The Rise in Single-Mother Families and Children’s Cognitive Development: evidence from the 1958, 1970 and 2000 British Birth Cohorts

Susan Harkness, Marina Fenandez-Salgado

Research output: Contribution to journalArticle

Abstract

This article assessed changes in the association between single motherhood and children’s verbal cognitive ability at age-11 using data from three cohorts of British children, born in 1958 (n=10,675), 1970 (n=8,933) and 2000 (n=9,989), and mediation analysis. Consistent with previous studies, direct effects were small and insignificant. For those born in 1958 and 1970 indirect effects, operating through reduced economic and parental resources, were associated with -.107-SD to -.156-SD lower attainment. Differences between the two cohorts, and by children’s age when parents separated, were insignificant. For the 2000 cohort, effect sizes for children born to single mothers did not change significantly (-.112-SD), but attenuated for children whose parents separated in early childhood (-.076-SD) or while of school age (-.054-SD).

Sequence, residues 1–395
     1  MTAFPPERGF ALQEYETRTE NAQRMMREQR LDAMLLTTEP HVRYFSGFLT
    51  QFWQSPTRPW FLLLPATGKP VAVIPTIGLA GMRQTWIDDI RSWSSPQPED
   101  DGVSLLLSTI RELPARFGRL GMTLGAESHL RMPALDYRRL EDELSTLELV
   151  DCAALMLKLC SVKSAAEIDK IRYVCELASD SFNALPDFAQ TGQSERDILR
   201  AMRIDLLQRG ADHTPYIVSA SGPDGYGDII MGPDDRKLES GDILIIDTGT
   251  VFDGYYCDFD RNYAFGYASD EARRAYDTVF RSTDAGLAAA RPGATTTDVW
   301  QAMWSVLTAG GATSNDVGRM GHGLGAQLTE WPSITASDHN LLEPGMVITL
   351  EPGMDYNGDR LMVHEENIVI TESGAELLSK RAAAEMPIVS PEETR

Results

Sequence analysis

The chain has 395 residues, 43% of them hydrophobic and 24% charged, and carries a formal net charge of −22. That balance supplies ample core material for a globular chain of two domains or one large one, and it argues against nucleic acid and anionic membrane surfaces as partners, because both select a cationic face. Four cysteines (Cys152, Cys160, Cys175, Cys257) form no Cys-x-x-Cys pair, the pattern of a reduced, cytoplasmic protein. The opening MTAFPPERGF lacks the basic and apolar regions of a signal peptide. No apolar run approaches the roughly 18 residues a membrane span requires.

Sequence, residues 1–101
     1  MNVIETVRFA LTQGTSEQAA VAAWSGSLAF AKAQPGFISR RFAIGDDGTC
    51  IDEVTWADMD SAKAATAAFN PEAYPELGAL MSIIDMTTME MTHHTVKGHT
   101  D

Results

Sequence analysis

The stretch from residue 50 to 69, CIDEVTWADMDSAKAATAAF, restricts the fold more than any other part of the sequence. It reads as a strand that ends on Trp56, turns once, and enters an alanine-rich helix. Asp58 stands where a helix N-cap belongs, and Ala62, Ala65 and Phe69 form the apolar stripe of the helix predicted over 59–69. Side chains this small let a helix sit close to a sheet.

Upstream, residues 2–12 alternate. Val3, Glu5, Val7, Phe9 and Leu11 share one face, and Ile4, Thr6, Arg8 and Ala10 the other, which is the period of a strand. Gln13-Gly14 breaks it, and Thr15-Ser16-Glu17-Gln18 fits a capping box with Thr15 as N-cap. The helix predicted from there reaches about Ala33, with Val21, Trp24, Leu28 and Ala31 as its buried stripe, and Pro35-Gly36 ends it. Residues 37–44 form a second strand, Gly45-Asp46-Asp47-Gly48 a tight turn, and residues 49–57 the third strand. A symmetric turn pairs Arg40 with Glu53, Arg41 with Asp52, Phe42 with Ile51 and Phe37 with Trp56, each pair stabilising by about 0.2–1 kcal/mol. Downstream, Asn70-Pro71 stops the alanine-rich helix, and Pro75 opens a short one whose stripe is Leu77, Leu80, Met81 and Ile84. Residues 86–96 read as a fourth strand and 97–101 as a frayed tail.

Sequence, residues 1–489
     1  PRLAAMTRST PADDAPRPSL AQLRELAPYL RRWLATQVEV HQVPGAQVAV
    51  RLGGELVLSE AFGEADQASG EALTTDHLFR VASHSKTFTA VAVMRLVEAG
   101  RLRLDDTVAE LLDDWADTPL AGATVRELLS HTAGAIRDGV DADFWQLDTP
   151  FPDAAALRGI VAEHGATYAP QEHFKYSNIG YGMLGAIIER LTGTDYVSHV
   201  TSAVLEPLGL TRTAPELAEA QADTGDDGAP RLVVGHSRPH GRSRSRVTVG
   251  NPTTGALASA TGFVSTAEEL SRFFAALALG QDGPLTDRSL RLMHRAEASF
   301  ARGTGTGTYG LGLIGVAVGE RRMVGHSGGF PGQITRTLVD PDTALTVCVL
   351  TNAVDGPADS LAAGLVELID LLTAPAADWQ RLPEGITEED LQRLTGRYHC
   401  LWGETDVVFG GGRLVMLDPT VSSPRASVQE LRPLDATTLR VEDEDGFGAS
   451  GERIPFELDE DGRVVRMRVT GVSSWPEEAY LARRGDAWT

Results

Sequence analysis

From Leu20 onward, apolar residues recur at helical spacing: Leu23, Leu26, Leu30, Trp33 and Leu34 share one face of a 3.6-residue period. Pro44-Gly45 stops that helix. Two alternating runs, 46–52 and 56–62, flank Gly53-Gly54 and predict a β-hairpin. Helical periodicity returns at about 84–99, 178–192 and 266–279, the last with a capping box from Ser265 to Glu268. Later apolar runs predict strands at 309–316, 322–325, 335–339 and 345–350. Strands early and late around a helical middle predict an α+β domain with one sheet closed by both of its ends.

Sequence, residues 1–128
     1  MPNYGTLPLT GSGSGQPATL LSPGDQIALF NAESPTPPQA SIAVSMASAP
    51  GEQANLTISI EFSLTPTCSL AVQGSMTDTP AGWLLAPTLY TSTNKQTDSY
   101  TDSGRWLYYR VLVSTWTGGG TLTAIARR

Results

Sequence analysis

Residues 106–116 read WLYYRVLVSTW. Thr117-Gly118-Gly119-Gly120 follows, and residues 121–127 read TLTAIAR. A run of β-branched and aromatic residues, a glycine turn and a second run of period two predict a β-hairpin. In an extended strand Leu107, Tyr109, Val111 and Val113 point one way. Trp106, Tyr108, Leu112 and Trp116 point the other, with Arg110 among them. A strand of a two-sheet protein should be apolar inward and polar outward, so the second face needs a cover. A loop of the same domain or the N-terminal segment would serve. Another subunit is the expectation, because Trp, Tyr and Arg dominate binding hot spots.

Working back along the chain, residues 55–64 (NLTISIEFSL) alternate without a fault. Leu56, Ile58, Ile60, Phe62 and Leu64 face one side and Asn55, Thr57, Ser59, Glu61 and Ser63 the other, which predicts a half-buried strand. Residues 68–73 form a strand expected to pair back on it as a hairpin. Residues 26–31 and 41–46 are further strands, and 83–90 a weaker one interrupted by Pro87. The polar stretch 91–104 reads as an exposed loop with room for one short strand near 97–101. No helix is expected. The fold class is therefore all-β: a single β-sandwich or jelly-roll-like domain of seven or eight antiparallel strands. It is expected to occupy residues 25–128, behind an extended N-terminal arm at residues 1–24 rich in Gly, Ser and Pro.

Original languageEnglish
JournalChild Development
Publication statusAccepted/In press - 9 Jul 2019

Cite this

The Rise in Single-Mother Families and Children’s Cognitive Development: evidence from the 1958, 1970 and 2000 British Birth Cohorts. / Susan Harkness; Marina Fenandez-Salgado.

In: Child Development, 09.07.2019.

Research output: Contribution to journalArticle

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